Conciliation talks between lecturers' union Natfhe and London Metropolitan University have collapsed, leaving the way open for renewed industrial action.
The failure of the talks, overseen by the Advisory, Conciliation and Arbitration Service, means that Natfhe could resume its academic boycott.
The union plans to call a meeting of academic staff next Wednesday to consider whether to ballot again for industrial action.
Each side blamed the other for the failure of the talks.
Natfhe has agreed to go for mediation - the next stage in dispute resolution, whereas Acas suggests a solution rather than just facilitating talks.
A spokesperson for London Metropolitan University, said: "This is now being considered."
Roger Kline, head of Natfhe's universities department, said: "During the nine days of talks, the university failed to field a full team on seven days.
"The management team refused to meet the Natfhe team face to face at all and, after the first two separate-rooms meetings, even refused to discuss the academic contract that caused the dispute."
In response, the university spokesperson said: "In an effort to improve progress, the management side offered to hold intensive face-to-face discussions involving reduced membership from each side, ie, two from each side. This was rejected by Natfhe. The management side therefore offered open-ended face-to-face discussions involving the full membership from each side commencing on March 8. This too was rejected by Natfhe."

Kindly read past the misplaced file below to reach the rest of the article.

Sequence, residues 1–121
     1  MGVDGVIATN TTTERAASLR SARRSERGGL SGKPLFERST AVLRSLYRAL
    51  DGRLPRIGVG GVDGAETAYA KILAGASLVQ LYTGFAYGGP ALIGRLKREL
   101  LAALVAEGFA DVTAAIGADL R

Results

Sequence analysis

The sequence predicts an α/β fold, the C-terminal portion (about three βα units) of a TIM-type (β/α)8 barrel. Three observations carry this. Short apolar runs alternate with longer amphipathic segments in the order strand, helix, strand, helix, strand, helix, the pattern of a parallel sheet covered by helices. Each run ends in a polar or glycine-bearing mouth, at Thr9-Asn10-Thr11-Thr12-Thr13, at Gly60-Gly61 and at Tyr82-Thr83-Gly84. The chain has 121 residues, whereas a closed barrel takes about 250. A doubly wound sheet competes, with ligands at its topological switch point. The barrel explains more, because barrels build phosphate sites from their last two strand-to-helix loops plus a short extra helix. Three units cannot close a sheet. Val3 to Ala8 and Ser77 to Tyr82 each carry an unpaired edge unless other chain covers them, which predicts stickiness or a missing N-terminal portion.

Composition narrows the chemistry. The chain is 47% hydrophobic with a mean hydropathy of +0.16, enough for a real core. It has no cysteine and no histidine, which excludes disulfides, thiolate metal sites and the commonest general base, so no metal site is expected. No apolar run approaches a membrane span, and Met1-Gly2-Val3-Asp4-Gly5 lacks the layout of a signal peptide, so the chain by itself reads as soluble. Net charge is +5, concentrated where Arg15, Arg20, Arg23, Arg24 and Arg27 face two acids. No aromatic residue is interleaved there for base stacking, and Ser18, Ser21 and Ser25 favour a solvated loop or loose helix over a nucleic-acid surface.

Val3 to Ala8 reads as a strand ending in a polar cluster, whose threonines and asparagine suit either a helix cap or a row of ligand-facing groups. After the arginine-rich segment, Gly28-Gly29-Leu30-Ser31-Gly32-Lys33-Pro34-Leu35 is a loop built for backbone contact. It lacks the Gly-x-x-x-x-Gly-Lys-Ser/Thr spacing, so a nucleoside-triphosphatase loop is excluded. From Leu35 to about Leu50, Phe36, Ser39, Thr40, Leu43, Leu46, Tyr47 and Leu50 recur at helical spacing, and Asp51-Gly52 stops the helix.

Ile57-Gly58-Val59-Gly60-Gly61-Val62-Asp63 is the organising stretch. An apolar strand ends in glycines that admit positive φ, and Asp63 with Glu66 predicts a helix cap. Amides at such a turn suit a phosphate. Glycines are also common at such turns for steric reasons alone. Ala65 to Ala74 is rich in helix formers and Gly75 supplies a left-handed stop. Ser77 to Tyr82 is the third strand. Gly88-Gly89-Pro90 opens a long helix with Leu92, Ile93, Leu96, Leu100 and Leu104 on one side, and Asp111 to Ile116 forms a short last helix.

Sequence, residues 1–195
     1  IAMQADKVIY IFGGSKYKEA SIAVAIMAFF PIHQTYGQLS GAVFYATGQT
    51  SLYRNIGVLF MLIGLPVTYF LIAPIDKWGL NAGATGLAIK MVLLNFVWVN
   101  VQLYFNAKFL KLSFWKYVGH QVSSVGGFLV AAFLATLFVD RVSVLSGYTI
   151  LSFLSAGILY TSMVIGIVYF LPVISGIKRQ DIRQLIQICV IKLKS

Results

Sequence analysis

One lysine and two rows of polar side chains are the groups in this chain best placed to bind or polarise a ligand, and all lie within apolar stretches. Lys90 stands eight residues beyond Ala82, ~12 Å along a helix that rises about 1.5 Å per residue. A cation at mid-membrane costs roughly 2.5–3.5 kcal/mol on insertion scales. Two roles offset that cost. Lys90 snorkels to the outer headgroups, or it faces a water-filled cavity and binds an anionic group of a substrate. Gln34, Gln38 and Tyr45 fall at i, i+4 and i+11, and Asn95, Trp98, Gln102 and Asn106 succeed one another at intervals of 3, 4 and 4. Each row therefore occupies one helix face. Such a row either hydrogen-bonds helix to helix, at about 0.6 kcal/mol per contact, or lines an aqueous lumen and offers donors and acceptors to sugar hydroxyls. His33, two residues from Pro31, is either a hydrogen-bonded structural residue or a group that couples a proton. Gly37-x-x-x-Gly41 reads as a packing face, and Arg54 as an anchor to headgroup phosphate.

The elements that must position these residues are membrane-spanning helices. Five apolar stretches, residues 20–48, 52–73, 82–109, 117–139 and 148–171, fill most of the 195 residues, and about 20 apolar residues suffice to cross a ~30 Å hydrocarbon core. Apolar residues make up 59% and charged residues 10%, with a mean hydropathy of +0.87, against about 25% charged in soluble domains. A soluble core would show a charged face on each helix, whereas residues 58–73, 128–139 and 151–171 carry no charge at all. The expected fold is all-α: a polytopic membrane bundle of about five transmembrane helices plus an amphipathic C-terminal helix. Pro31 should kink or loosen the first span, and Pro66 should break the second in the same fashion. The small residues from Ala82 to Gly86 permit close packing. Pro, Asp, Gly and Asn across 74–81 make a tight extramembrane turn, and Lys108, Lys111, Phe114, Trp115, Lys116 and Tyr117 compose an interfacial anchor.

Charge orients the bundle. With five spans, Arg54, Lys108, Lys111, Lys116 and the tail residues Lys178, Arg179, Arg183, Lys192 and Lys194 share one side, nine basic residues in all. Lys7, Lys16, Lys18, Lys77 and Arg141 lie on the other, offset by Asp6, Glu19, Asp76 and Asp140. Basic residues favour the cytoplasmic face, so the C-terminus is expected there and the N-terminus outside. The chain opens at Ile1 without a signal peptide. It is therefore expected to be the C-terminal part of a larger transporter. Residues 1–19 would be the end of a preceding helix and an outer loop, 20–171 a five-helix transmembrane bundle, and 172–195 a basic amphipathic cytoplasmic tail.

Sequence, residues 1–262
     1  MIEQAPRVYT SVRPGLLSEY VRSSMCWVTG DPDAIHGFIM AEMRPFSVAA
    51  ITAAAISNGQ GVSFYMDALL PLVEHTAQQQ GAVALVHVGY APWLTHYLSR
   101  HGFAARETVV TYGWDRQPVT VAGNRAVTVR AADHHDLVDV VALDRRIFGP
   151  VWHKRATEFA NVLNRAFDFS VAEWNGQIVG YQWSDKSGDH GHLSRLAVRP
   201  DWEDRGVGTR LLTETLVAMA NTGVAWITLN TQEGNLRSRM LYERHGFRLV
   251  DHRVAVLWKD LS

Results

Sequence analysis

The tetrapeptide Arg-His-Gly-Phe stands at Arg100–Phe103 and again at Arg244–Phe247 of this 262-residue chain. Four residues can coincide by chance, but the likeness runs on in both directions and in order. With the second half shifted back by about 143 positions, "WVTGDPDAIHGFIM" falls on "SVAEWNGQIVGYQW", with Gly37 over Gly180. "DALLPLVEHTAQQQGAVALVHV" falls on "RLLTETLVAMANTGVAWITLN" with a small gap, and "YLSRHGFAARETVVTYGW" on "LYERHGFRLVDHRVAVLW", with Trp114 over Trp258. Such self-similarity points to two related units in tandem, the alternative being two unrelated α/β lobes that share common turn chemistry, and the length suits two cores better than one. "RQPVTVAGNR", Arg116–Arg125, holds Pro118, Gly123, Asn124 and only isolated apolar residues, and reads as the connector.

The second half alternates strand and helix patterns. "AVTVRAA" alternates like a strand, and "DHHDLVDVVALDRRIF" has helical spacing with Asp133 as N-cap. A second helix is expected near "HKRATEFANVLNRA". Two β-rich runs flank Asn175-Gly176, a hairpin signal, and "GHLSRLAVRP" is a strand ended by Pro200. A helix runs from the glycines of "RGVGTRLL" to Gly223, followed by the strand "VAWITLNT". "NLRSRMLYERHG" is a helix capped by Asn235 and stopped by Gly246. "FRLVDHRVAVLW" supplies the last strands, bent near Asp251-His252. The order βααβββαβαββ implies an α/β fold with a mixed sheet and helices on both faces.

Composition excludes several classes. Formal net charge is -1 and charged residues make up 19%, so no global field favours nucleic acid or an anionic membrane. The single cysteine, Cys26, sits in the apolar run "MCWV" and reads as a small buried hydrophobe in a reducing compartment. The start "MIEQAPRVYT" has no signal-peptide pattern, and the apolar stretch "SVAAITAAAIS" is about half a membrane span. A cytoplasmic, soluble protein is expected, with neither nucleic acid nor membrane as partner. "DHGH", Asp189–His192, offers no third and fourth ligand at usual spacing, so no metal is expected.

The union and management are engaged in a long-running and bitter dispute over a new contract introduced on the north London campus of the university last year.
Natfhe has drawn up a draft contract and has sent it to all heads of departments at the university for comment. "It is our view that many of the senior management are unhappy with the handling of this dispute by the vice-chancellor and the head of human resources. We believe our draft contract is typical of the sector," said Mr Kline.
The union has also sent its proposed contract to governors. "Rather than propose sections of the London Guildhall contract or make extensive amendments to the LMU 'preferred' contract, Natfhe felt it would be much more constructive, and easier for both parties to agree, to start from scratch," its letter to governors says.